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Brussels — Heineken, the world’s second-largest brewer, cut its 2023 profit growth forecast on Monday after an economic slowdown in Vietnam and price hikes squeezed sales volumes, depressing first-half earnings by more than expected.

Shares in the Dutch brewer, whose brands include Amstel and Sol, fell as much as 6.7% to their lowest level since January at €90.40, and were the weakest performer on the FTSE Eurofirst index of leading European blue chips.

Heineken said it expected operating profit growth before one-offs in 2023 to be between zero and a mid-single-digit percentage.

Brewers profited late in 2022 from drinkers’ willingness to pay higher prices, but inflation has since taken its toll.

While some shoppers have sought out cheaper alternatives to branded food and white goods, beer drinkers have remained largely loyal to established brands but consumed less.

For Heineken, the average price of its beers was 12.7% higher than a year earlier.

Anheuser-Busch InBev and Carlsberg will give further insight on global beer drinking trends when they report second-quarter earnings on August 3 and August 16, respectively.


In the first half, Heineken sold 5.6% less beer, with declines in all regions. Over half of the drop was due to Vietnam and Nigeria, with price increases also having an impact.

Despite a jump in revenue, Heineken suffered an 8.8% like-for-like decline in operating profit, compared with an average 4.8% drop forecast in a company-compiled poll.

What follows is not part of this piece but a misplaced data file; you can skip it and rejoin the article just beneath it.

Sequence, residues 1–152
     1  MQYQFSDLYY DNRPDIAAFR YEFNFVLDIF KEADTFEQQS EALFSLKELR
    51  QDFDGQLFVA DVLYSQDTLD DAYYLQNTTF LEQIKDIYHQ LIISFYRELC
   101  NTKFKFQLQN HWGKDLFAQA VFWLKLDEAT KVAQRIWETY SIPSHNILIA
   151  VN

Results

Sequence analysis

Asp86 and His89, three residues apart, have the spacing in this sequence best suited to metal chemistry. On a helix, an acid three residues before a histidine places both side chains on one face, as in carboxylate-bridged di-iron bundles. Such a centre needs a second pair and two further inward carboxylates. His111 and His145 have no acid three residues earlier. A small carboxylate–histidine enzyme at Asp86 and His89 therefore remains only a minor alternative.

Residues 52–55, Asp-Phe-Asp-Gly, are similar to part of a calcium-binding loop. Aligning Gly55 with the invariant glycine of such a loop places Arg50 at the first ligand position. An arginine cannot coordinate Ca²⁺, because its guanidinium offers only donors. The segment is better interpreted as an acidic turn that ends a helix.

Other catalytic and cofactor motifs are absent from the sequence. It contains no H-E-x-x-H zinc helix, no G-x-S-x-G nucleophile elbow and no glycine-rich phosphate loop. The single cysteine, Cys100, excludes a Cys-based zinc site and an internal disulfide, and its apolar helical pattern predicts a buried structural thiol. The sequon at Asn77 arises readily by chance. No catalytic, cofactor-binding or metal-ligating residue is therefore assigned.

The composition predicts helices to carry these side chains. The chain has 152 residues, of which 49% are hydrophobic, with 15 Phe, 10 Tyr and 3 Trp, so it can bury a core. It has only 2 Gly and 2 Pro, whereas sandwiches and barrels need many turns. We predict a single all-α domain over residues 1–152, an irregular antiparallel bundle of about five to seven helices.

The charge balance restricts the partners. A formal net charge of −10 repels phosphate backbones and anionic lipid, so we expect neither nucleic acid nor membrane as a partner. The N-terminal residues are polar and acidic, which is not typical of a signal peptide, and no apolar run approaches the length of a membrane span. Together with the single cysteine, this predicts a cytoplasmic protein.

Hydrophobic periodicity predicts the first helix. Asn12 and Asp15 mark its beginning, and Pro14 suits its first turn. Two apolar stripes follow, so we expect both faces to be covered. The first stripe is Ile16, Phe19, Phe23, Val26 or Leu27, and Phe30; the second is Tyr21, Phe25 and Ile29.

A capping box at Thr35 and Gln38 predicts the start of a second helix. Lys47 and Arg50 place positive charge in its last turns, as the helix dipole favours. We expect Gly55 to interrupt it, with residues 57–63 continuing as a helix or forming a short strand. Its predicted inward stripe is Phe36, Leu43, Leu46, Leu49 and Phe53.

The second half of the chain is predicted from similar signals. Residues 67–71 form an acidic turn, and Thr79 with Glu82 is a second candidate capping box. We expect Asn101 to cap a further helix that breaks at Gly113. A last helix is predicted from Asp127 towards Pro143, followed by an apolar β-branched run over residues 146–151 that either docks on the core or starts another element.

Heineken — whose namesake brand is Europe’s top-selling beer — said it expected a strong second-half turnaround, helped by lower energy and commodity costs and accelerated savings from productivity improvements. The timing of price hikes would also have an impact.

“We have taken the vast majority of our pricing in the first half. That was deliberate and by design. That of course impacted to some extent the volume performance in the first half, but in the second half we see that effect moderating,” CEO Dolf van den Brink told Reuters.

CFO Harold van den Broek said Heineken saw inflationary pressure easing, but not necessarily lower costs, so did not envisage a reversal of beer price hikes.

Heineken said its results had been affected by an economic slowdown in Vietnam, one of the company’s largest markets, which is facing reduced global demand for its exports.

Beer volumes in the Asia-Pacific region fell by 13.2% with more expensive premium beers down by even more. Operating profit reduced by about a third.

The situation was worsened by an excess of stock built up for the Tet new year festivities in Vietnam in January, but Heineken said this overhang was now largely cleared.

Heineken also expected more stability in Nigeria in the second half, where presidential elections and a switch to new bank notes led to a more than 20% decline of beer sales.

“I think this is as bad as it gets, but it is bad,” said Bernstein beverages analyst Trevor Stirling, adding there should be a clear improvement in the rest of the year.


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